8. Ready for Zero offers a clever post about four things great white sharks can teach us about getting out of debt.

9. PT Money explains how couples can have issues when one is a spender and one is a saver and how to get on the same page.

10. Little House in the Valley discusses ways to keep your finances organized and develop efficient systems.

4 Comment(s)

Glen Craig said:

It's amazing how easy our prejudices can take hold, isn't it? I'm guilty of the same thing as you. It's a great reminder that many financial difficulties aren't due to "lattes" but to real financial problems that can arise for many of us.


H. Johnson said:

I always thought bankruptcy to be a really bad thing that know one should ever think about, that is, until you get in that situation. I have been working since I was 12 yrs old, babysitting, at 16 yrs old, Mc Donald's and so forth. I was as independant as they come, working three jobs at a time and loving to bank money for my future. I got married to someone who had no credit, his family stole from me, after having their nephew!, got divorced, no child support was received even though an order ensued, bought a house so my son would be raised stable while working two jobs and could not without the help of my mother, I just didn't trust anyone to help raise my son. I never asked her to babysit beyond work because he was mine, I wanted to raise him.

Long story short, I started getting ill, but kept working one job 12 hrs from 3 am to 3pm, so I could be there with my son with homework, bath time, quality time and to bed. I started to feel even worse but kept it to myself and kept working 30 day stretches at 12 hrs then one day off and so on. It was a good routine until I fell really ill. I love to work, the independence really. Even though I was ill the workers, my friends, would return favors to me and help me through bad days, as I did when they were pregnant, or ill themselves, that is what real friends do, and I was making it just fine, but our jobs were sent to Mexico and the plant shut down. We were laidoff. I have an Associate Degree in Applied Science and could not find work due to a pre existing illness and it was getting worse and harder to disguise. Medical bills were piling up and credit cards were used to put gas in the car to get to the Medical Facilities and for food as well. I never went crazy, but the bills were there. I had AAA credit since I was 16 yrs old for over 35 years. And in an instant it was all gone. I was going to loose my house that I worked to hard for. Needless to say, I filed bankruptcy. Talk about feeling lower than low. But, I have since recovered, emotionally, but I find it hard to believe no credit card I can find will give someone a second reasonable chance with a credit card like: Fixed interest (reasonable), no annual fee, no additional fees with maybe a $50.00 limit to start to build on. Credit Card companies should give people a chance to build credit again but in a way we can take the chance too. I do not want a credit card for the sake of having one, just for emergencies or small purchases until payday. No one gives you that kind of chance and I just think that is a shame. Do not categorize everyone the same, some of us do care about our credit, but the name of the game is survival, and I am definitely a survivor. Thank you one and all for reading. Take Care and God Bless Everyone.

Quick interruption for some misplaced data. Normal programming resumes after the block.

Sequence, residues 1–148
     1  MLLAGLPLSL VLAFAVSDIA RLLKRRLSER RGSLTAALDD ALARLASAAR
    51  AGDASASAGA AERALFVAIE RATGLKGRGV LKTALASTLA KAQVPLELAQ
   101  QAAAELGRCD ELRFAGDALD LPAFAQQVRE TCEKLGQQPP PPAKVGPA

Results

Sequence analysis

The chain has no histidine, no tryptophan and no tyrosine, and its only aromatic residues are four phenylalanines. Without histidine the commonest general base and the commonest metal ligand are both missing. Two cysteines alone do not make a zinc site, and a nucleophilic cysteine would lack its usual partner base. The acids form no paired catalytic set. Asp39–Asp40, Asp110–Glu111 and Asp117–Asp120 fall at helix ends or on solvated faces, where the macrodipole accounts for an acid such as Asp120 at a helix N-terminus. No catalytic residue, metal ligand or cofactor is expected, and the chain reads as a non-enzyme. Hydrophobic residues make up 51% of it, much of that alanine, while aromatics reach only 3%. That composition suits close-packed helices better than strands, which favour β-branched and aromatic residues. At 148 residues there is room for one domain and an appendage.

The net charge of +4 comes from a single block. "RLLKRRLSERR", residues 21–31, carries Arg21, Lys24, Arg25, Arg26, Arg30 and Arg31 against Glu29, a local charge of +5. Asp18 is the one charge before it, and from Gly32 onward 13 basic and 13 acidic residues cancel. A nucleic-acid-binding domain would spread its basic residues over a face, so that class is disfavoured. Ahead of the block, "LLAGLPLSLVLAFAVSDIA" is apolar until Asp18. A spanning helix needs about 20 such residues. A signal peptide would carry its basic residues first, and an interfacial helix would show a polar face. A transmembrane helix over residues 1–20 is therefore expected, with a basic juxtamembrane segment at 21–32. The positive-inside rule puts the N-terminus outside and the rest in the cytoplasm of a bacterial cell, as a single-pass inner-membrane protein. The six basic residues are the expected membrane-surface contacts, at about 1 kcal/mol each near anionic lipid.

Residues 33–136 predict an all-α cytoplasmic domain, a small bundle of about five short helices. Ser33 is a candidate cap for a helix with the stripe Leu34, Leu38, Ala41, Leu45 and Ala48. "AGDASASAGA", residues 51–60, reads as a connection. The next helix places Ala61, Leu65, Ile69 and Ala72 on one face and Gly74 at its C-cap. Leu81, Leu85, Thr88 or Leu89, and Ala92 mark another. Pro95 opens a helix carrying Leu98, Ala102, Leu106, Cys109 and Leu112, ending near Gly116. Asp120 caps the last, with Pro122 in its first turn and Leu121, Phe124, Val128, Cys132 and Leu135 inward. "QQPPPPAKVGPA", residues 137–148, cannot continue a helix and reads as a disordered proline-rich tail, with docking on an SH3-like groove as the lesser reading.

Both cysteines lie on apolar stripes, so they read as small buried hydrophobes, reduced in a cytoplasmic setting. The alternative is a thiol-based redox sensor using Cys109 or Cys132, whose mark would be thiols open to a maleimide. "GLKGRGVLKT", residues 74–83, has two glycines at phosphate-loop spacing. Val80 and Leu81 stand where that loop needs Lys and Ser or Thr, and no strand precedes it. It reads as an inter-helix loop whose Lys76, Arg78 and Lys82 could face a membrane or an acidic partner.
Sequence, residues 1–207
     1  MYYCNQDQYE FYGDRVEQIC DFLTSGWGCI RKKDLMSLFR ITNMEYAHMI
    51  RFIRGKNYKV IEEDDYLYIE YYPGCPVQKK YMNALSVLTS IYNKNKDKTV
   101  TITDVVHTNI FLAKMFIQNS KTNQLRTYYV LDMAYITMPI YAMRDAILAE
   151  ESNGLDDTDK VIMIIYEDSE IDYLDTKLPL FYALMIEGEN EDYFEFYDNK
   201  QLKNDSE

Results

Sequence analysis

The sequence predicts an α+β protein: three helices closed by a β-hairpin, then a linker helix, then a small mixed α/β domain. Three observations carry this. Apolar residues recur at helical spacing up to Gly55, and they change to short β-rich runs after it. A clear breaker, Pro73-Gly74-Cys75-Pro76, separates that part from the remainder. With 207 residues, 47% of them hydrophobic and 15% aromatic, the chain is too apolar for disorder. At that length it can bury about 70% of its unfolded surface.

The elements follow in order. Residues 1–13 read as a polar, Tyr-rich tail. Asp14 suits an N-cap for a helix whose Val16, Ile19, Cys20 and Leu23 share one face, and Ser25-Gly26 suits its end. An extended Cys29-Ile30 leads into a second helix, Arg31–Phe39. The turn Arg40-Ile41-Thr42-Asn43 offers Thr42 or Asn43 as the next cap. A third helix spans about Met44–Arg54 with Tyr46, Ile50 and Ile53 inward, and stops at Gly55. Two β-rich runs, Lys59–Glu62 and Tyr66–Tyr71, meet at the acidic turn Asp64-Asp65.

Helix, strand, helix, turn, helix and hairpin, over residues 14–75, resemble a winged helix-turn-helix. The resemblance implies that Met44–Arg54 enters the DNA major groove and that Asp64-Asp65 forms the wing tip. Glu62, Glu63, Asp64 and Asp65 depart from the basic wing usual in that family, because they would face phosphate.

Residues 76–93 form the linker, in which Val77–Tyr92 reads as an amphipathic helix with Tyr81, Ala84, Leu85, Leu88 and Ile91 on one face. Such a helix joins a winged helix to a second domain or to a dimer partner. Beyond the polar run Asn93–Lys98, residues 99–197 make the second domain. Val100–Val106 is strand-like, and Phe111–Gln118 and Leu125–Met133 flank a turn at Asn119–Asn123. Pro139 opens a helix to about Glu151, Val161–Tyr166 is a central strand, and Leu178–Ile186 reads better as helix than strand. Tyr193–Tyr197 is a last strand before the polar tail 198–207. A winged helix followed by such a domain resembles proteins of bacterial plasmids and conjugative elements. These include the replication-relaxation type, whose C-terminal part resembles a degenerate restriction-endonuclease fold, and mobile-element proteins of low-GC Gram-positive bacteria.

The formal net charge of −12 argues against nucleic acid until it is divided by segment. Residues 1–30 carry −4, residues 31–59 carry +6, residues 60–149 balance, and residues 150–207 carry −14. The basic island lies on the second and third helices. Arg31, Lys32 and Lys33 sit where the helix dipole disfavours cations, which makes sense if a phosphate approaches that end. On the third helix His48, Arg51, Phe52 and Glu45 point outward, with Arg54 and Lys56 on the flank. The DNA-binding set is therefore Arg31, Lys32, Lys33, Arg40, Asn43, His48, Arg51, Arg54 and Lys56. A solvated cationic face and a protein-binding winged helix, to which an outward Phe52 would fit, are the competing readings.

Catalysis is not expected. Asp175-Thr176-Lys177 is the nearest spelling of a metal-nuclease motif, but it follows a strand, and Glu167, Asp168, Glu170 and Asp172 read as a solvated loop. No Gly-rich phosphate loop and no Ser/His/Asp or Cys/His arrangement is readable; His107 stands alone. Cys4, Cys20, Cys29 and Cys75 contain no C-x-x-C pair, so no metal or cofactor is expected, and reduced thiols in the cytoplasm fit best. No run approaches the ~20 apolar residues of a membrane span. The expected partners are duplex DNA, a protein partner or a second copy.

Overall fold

Great Post, Nice to read. Declaring yourself bankrupt is the last step you can take if and when the debt burden is just too much to bear. And in modern times, despite the increasing prevalence of bankruptcy and big efforts to de-stigmatize it – it remains an area of shame for far too many people. This is wrong and it needs to be changed because the fact is that declaring yourself bankrupt can save you a whole heap of stress and leave you feeling free at last. So please; if you’re in too deep, don’t be too scared to talk about bankruptcy.


When you are unemployed and have a lot of debt, your first impulse may be to file bankruptcy. While it may very well be your best choice, especially in terms of timing, consider some of these issues before rushing to file your petition.